We observe again that the facts in this case are uncontroverted as to probable cause. There is no claim that in filing the underlying action Noah based the antitrust action on facts he knew to be false or upon false testimony. On the contrary, he possessed evidence from past Packers and Stockyards Administration investigations and his own investigation that the FLCC parties had violated federal law in granting discriminatory trucking to its customers. He and his client also believed that his client's business had been negatively impacted by the FLCC parties' practice, a claim which was supported by his client's falling revenues. He also had evidence which indicated that at least on one occasion and perhaps more, C & C Trucking had been used by the FLCC parties to effect delivery of cattle to the FLCC parties at no cost to the cattle owner. Noah also hired an accountant who indicated that he would be able to discover improper inducements made by the FLCC parties to its customers upon examination of the FLCC parties' accounting records. While the facts at the time the underlying action was filed may have been uncertain, "it is enough if their existence is not certain but he [Noah] believes that he can establish their existence to the satisfaction of court and jury." Restatement (Second) of Torts § 675, Comment d.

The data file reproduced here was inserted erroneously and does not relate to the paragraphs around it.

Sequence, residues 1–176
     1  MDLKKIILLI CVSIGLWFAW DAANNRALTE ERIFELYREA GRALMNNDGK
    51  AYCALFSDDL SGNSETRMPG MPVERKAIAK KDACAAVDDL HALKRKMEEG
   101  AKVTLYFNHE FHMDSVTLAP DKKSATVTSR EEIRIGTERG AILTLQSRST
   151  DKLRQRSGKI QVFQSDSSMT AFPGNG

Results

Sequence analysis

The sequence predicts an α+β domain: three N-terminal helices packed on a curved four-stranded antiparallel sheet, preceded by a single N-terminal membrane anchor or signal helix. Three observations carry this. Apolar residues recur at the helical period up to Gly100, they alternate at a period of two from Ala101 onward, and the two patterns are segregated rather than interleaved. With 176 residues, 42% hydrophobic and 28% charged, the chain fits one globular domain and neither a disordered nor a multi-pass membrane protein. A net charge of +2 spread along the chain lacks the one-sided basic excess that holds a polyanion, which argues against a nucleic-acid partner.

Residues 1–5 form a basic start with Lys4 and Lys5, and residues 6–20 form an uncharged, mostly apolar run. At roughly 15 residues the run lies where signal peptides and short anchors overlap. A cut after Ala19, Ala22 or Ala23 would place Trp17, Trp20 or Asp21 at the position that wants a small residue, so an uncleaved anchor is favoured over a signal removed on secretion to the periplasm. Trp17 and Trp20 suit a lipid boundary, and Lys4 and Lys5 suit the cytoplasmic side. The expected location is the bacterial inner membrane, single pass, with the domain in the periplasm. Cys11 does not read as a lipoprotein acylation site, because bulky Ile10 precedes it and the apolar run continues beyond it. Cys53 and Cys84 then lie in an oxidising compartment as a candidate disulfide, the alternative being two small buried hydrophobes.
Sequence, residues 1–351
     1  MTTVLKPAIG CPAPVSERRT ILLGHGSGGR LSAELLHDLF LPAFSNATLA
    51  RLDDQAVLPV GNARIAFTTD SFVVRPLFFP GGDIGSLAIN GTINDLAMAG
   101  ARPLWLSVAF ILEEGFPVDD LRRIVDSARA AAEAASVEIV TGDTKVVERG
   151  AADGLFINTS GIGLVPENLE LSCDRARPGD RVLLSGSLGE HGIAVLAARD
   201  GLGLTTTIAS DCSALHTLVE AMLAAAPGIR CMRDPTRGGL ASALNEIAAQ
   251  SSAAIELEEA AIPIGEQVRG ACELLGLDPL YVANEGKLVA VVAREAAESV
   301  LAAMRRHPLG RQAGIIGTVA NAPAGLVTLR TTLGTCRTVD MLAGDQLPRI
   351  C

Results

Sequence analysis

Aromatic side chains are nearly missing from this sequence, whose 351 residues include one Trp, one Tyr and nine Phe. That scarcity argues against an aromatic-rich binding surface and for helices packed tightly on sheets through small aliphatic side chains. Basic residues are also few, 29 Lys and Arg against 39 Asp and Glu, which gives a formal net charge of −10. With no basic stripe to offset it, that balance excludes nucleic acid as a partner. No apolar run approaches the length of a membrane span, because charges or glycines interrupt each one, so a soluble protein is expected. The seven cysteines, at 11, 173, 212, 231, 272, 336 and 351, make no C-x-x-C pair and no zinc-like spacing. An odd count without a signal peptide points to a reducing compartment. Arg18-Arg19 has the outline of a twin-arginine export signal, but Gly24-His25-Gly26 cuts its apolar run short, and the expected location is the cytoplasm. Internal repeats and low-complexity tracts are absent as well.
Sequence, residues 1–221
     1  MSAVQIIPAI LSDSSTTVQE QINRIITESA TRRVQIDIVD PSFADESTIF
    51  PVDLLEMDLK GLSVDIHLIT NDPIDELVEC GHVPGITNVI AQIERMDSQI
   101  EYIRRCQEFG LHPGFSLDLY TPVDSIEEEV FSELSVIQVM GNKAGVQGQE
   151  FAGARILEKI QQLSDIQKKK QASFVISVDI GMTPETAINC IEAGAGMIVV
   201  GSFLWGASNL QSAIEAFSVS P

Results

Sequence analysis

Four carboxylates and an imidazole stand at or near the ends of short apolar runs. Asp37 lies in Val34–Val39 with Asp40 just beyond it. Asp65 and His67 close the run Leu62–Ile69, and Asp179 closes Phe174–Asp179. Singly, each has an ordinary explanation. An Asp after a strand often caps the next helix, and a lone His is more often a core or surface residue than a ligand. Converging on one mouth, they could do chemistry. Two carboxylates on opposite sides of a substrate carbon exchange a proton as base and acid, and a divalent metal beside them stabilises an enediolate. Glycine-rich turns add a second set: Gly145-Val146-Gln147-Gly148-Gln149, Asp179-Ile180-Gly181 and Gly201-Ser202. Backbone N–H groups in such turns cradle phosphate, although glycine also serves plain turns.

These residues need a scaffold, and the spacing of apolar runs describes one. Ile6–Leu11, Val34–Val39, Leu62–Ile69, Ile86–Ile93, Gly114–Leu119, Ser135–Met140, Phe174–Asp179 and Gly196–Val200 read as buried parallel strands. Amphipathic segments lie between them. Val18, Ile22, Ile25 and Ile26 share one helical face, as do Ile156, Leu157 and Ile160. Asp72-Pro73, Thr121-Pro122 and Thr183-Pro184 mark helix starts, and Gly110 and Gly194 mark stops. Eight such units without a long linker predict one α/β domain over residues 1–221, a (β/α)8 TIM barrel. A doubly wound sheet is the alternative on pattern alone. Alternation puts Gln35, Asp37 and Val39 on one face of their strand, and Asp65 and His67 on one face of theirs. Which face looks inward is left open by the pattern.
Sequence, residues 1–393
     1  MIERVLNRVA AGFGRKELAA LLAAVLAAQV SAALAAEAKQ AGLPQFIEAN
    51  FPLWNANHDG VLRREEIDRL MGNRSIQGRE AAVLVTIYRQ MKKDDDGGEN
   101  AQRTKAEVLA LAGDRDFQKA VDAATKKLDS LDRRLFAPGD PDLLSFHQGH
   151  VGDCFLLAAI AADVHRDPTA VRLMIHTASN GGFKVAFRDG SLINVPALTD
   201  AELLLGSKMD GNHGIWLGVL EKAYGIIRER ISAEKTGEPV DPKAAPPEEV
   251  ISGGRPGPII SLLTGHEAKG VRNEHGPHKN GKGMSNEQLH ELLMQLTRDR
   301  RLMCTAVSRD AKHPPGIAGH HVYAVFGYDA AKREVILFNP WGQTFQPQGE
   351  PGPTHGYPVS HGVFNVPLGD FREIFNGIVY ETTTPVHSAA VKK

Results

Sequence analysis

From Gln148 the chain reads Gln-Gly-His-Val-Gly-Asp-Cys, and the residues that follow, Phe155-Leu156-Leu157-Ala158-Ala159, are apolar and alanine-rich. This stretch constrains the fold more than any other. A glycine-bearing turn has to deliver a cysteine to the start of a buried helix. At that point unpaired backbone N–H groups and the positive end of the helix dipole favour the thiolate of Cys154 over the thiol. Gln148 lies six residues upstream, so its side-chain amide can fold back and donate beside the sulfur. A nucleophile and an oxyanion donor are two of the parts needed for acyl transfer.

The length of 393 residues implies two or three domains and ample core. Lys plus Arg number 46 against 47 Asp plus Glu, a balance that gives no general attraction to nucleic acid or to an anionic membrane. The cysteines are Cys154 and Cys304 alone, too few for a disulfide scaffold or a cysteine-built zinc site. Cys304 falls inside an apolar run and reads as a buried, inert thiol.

Just as the facts existing at the time the underlying action is filed are important, a consideration of the legal basis for the underlying action is also important. According to the trial court's decision in the underlying antitrust action, the uncontroverted facts did not support a Kansas antitrust action as a matter of law. The Kansas Court of Appeals affirmed, based primarily upon its conclusion that there was no evidence of conspiracy, a legal requirement under Kansas antitrust law. The FLCC parties argue that the legal conclusions of the trial court and the Court of Appeals in the underlying antitrust action demonstrate the legal invalidity of the antitrust action filed by Noah and support a conclusion that there was no probable cause to file it.